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ORIGINAL ARTICLE
Year : 2020  |  Volume : 9  |  Issue : 12  |  Page : 6254-6260

Differences in knowledge about contraception among Saudi males and females at tertiary hospitals in Riyadh


Collage of Medicine, King Saud bin Abdulaziz University for Health Sciences, Riyadh, Saudi Arabia

Correspondence Address:
Lujain H Aljbli
Riyadh
Saudi Arabia
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Source of Support: None, Conflict of Interest: None


DOI: 10.4103/jfmpc.jfmpc_1526_20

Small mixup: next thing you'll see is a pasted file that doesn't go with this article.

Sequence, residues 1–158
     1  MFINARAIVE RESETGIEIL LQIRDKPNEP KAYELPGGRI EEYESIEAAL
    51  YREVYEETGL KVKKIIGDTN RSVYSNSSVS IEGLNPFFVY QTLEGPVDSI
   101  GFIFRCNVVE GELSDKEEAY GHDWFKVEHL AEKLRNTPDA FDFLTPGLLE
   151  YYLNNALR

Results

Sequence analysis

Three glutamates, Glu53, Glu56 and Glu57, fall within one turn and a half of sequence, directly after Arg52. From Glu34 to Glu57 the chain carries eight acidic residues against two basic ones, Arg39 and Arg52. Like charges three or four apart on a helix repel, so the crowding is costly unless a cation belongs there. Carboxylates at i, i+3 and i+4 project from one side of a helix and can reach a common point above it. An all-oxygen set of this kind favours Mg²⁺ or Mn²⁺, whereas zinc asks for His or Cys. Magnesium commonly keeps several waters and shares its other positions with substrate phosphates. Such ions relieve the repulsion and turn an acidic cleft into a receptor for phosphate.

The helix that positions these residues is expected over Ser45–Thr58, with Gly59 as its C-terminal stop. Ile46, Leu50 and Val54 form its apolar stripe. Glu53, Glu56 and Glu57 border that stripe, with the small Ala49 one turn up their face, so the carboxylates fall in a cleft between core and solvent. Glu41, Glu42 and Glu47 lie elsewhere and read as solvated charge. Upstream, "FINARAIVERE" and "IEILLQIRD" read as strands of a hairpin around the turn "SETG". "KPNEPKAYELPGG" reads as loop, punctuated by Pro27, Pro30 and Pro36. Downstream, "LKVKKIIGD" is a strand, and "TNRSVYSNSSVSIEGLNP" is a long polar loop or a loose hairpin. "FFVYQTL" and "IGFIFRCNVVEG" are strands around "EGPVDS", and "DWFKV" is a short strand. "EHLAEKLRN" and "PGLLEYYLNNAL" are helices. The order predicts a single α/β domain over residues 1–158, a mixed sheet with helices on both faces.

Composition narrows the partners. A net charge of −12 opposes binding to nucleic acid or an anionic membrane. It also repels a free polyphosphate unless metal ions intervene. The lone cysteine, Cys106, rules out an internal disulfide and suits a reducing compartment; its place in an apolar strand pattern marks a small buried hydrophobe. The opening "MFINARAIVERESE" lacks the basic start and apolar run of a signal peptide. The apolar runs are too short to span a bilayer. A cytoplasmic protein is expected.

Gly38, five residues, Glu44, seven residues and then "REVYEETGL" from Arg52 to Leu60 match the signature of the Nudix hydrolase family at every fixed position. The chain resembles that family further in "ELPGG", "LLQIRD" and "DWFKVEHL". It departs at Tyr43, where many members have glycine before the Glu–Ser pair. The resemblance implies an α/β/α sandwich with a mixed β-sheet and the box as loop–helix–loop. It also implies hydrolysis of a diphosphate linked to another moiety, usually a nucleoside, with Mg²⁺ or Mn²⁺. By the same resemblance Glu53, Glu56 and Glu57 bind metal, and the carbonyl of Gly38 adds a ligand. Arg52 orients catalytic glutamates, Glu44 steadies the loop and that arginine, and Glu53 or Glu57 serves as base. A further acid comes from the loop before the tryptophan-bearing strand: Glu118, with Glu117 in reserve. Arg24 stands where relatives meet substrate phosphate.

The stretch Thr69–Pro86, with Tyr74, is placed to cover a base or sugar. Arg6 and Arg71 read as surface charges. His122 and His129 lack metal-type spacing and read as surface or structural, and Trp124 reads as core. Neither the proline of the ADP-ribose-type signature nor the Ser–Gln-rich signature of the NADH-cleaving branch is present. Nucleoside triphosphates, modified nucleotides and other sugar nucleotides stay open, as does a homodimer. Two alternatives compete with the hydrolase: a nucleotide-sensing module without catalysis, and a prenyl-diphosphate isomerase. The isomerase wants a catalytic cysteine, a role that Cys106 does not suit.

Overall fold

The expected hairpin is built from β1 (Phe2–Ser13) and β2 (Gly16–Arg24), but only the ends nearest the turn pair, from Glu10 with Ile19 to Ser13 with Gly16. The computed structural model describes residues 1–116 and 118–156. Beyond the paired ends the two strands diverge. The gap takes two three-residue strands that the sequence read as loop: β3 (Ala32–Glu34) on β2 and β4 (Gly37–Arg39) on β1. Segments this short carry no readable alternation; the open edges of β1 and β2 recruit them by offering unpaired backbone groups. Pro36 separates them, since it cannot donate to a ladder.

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Context: Family planning is a voluntary practice that individuals engage in to control the number of children for promoting the health and development of countries. The aim is to evaluate the level of contraceptive knowledge in Saudi males and females in Riyadh at King Abdul-Aziz Medical City (KAMC) and King Abdullah Specialist Children's Hospital (KASCH). Methods: A cross-sectional questionnaire-based study conducted among educated, under educated, single, married Saudi males and females (n = 385), and aged (20 to 65) years old. Healthcare providers and participants underwent permanent sterilization were excluded. Results: Approximately half of the participants were aware about contraceptive methods. More males (n = 132, 70%) were significantly aware compared to females (n = 110, 56%) (P-value <0.001). The most commonly used contraceptive methods were oral contraceptive pills, male condom, and intrauterine device (69%, 34%, 22%, respectively). A significant difference was noted for the used and preferred contraceptive method, which was condom for male and oral contraceptive pills in female (P-value < 0.001). Healthcare provider was the main source of information and women significantly consult healthcare provider more than men 47% vs 32%, (χ2 = 9.23, P value = 0.002). Side effects were reported as a main reason for discontinuation 61% (n = 120) of females and 52% (n = 98) in males, respectively. Logistic regression indicated a significant association of contraceptive knowledge with age and parity. Conclusions: Regardless of educational level, high levels of awareness were identified in both genders. Oral contraceptive pills were reported as the most used, safest, and preferred method.


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